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Who were the "Blue People" in Appalachia?

Learn about the genetic abnormality that led to blue skin in one Kentucky family.

The "Blue People" were descendants of Martin Fugate, a French immigrant to Kentucky. He had a recessive gene that limited or stopped the body's production of the enzyme diaphorase.

Diaphorase breaks down methemoglobin into hemoglobin in red blood cells. When the enzyme is not present, a disproportionate amount of methemoglobin remains in the blood, giving the cells a bluish tint, rather than the normal pink associated with Caucasians. The condition is strictly one of pigment and does not deprive the person of oxygen.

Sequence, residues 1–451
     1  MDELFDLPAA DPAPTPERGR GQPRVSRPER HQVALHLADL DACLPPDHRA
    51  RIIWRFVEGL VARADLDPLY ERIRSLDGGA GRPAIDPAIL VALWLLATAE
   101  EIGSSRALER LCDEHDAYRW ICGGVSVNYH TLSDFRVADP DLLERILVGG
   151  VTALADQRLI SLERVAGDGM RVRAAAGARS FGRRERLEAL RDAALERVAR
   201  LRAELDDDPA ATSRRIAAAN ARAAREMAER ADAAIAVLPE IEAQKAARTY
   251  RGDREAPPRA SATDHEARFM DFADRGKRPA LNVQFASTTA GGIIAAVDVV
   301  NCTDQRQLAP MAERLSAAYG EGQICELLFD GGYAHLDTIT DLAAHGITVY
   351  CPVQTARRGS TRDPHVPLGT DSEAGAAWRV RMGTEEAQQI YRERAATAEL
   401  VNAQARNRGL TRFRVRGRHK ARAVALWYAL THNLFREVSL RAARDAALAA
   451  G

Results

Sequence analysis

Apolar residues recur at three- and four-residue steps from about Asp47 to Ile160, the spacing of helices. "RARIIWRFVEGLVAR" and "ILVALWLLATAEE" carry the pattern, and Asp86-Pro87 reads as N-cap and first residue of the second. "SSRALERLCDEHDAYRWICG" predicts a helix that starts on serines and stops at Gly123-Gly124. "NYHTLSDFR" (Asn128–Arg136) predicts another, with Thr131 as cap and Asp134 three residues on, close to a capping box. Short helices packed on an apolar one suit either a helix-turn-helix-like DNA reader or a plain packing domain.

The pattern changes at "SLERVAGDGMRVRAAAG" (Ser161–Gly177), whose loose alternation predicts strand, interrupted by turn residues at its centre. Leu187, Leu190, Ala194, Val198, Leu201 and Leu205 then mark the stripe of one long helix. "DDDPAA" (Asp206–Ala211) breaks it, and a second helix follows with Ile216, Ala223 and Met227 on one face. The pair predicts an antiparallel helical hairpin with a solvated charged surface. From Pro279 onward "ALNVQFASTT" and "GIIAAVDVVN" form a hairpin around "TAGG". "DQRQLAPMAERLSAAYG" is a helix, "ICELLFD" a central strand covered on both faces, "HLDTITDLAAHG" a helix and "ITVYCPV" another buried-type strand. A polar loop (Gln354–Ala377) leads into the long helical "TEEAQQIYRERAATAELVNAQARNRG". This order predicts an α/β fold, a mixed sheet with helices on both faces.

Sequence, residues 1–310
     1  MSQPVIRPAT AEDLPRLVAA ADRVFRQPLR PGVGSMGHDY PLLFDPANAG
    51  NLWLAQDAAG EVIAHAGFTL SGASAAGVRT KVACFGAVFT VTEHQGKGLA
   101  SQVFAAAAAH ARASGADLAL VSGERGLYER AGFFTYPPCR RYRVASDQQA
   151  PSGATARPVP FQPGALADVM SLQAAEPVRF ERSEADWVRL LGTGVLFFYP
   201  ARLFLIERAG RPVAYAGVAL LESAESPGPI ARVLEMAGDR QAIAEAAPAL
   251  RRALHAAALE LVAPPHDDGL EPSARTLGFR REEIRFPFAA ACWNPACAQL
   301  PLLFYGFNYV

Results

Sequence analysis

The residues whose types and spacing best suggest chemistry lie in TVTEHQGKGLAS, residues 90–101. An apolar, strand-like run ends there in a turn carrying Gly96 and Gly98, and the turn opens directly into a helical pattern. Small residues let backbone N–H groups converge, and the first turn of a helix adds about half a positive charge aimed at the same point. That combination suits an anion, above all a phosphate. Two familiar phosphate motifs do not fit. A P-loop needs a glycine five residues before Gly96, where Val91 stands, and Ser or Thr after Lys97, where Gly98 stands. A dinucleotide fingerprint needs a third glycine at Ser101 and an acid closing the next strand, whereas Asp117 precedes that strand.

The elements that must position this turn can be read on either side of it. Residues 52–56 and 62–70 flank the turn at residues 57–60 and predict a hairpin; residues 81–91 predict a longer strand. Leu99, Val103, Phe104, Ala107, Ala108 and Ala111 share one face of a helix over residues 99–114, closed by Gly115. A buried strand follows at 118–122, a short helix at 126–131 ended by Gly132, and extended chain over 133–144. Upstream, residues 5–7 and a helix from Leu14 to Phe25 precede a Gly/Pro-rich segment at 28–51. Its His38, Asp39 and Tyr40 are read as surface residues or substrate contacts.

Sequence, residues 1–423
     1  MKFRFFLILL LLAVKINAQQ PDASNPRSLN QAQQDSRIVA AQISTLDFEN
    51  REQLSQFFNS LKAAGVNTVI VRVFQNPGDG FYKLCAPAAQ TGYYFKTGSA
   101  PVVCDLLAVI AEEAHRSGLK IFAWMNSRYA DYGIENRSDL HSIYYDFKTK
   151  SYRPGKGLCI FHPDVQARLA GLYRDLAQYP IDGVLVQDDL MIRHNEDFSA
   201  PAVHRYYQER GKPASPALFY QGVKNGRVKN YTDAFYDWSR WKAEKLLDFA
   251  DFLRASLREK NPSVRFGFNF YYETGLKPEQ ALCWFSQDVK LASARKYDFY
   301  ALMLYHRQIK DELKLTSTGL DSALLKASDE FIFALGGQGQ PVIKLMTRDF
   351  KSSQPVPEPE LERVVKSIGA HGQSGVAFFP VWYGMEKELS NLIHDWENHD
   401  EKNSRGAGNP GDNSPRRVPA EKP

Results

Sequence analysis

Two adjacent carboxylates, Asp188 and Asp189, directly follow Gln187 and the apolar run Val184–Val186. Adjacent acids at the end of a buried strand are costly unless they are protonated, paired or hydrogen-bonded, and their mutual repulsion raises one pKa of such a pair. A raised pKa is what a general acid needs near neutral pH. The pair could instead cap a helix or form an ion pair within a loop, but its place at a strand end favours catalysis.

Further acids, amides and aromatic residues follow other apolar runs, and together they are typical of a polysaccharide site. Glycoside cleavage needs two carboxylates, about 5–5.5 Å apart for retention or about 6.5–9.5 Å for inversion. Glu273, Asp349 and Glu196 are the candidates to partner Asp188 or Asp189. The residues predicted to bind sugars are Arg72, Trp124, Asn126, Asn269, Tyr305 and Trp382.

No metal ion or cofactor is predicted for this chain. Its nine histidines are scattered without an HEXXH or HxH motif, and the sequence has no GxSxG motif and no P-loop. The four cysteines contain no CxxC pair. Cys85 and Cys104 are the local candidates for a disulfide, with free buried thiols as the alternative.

Despite bluish color, there are no known health risks associated with the deficiency. Fugate's family suffered from the condition because of excessive inbreeding. When both spouses had the recessive gene, their children would be blue. As the family became mobile following World War II and moved out of their Kentucky valley, the inbreeding ceased. As of 1982 there were only two to three members of the family with the condition.

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